Dr Masato Kawabata, Assistant Professor at the Physical Education and Sports Science AG, presented at the 50th Annual Conference of the Australian Psychological Society (APS), Queensland, Australia on 2 October 2015. He disseminated findings from the OER project (OER 1/13 SFB) entitled "Effect of Breakfast and Exercise on Academic and Cognitive Performance in Junior College Students", of which Dr Stephen Burns is the Principal Investigator and Dr Kawabata, the Co-Principal Investigator. The APS is the largest professional association for psychologists in Australia, currently representing over 21,000 members.
The study aimed to examine the combined effects of breakfast intake and exercise on cognitive performance in post-secondary school children. 77 adolescents, aged 14-19 years, from local schools and junior colleges participated in the study. Initial findings suggest that eating breakfast and being physically active in the morning are potentially beneficial to academic outcomes in school students and that missing breakfast and being physically inactive before school may partly hinder academic performance.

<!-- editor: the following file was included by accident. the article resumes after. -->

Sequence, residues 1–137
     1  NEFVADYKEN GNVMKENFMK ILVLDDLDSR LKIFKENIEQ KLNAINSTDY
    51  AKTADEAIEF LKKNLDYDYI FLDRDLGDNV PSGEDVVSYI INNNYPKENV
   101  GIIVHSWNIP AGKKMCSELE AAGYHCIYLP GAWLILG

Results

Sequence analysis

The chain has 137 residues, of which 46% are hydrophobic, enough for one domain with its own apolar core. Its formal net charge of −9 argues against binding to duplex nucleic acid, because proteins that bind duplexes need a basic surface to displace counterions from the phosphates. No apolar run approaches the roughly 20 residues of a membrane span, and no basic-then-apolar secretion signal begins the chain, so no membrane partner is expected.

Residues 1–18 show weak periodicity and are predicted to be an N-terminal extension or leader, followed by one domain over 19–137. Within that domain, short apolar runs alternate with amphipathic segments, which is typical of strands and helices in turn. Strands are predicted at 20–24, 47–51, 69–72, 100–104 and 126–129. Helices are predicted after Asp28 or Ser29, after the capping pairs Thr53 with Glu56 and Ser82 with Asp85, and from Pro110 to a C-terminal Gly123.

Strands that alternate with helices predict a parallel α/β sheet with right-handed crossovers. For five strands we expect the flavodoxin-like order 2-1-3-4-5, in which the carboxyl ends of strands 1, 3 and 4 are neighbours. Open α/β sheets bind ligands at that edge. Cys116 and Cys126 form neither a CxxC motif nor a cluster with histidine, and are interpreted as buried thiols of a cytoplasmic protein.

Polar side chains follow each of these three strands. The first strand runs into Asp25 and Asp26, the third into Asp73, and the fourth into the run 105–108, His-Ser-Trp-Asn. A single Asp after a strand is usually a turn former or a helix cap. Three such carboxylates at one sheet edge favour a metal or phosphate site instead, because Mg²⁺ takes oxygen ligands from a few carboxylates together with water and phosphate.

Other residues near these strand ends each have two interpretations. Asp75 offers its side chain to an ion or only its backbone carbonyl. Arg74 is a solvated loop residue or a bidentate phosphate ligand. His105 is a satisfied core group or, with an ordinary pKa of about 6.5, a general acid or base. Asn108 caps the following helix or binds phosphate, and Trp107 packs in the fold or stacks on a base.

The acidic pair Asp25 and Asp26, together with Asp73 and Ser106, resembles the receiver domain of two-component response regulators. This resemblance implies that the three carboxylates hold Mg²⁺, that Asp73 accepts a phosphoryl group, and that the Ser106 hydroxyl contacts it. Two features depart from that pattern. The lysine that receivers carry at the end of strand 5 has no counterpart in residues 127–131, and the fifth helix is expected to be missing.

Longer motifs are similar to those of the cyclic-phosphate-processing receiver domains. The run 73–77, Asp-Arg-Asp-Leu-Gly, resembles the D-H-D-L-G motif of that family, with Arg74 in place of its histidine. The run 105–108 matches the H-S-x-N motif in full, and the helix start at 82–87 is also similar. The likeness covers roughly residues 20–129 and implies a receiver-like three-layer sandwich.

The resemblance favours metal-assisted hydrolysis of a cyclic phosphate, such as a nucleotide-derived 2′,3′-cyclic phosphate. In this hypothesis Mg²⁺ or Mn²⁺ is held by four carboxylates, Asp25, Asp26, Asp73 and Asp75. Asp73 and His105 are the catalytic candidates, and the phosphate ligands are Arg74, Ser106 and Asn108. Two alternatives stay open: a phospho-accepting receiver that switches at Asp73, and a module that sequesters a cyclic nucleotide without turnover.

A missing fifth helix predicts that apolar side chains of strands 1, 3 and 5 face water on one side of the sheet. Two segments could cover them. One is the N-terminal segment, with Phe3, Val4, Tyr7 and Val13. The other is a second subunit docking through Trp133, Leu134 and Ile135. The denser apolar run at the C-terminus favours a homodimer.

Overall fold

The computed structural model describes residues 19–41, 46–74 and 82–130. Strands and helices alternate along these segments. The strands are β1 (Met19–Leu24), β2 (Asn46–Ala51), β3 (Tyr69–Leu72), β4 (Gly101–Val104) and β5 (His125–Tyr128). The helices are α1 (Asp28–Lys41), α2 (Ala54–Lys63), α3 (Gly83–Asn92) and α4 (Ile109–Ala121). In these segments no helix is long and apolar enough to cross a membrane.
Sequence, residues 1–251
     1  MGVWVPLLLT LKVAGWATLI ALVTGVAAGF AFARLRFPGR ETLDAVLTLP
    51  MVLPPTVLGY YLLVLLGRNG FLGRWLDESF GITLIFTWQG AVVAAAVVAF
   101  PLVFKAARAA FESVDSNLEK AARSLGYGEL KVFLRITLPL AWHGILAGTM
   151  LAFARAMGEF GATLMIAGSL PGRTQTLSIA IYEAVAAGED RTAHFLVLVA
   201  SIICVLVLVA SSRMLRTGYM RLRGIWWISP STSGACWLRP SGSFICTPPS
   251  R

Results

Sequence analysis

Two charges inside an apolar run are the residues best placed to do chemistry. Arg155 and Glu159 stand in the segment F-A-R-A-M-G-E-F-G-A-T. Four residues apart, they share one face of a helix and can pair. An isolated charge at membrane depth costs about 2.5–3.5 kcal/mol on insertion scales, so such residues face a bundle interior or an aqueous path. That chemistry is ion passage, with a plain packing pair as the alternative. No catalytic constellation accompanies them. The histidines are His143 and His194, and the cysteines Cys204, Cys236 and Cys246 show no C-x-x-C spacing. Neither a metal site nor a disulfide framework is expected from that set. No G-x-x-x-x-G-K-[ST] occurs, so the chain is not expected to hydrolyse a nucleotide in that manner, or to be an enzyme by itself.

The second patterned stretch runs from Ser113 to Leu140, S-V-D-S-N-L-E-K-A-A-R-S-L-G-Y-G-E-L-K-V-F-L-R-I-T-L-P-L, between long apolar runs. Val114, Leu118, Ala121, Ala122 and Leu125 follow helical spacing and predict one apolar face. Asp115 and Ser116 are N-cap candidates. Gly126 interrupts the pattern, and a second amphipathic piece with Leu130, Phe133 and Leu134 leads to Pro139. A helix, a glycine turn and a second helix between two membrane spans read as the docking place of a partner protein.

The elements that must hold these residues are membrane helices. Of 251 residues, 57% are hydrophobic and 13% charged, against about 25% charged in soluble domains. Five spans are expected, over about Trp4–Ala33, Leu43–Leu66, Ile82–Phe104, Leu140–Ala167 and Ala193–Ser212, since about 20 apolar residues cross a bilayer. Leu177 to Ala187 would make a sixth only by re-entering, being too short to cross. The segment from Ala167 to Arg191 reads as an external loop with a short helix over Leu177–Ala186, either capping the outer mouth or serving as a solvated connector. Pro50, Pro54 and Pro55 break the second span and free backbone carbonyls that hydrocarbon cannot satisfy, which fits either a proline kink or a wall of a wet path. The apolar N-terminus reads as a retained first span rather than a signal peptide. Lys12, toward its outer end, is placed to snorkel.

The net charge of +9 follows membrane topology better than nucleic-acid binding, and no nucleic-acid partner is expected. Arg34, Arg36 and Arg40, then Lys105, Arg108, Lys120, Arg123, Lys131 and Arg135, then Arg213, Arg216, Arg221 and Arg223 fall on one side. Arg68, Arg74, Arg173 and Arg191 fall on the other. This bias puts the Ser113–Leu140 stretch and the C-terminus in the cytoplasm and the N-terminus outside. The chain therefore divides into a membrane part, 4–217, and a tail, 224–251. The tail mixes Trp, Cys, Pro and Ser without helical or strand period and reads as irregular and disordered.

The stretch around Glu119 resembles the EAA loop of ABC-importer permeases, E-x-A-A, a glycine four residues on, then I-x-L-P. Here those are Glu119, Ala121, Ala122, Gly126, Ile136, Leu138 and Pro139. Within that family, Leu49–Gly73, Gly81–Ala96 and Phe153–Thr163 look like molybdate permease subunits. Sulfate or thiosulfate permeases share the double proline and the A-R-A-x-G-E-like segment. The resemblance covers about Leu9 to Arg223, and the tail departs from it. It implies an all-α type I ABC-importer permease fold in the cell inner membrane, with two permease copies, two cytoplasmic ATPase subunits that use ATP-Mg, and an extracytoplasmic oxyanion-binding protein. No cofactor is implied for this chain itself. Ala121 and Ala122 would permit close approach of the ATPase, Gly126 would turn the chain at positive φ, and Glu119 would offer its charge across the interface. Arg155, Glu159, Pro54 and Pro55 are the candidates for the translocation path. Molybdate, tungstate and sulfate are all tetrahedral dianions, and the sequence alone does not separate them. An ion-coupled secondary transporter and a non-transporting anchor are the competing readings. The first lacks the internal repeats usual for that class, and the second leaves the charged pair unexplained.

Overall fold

For more details on the study, you may view the digital poster presentation on the APS’ official YouTube channel: https://www.youtube.com/watch?v=aNGN2AtxLec.